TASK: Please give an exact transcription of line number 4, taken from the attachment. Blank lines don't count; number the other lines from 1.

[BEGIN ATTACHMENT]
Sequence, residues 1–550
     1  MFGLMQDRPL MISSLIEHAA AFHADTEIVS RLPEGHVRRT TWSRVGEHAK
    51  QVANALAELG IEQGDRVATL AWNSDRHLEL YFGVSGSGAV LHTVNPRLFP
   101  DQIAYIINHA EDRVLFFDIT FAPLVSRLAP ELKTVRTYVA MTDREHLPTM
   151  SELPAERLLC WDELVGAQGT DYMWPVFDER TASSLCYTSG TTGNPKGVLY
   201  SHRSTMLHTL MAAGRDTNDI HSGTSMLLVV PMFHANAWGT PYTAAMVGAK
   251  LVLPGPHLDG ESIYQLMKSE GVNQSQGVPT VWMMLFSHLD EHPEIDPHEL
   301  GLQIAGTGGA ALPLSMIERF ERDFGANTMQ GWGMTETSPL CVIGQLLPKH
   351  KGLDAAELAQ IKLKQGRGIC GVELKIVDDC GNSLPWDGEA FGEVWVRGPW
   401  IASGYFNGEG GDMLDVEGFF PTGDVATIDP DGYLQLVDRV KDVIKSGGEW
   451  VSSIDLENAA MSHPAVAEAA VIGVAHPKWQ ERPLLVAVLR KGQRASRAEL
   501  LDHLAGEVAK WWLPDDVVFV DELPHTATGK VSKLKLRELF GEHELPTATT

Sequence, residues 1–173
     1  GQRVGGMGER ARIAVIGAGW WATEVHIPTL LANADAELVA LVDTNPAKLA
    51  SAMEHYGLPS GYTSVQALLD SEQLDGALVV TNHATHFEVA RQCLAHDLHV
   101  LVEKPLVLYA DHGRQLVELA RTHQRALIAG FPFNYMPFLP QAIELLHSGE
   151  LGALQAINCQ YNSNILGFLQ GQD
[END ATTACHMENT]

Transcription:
   101  DQIAYIINHA EDRVLFFDIT FAPLVSRLAP ELKTVRTYVA MTDREHLPTM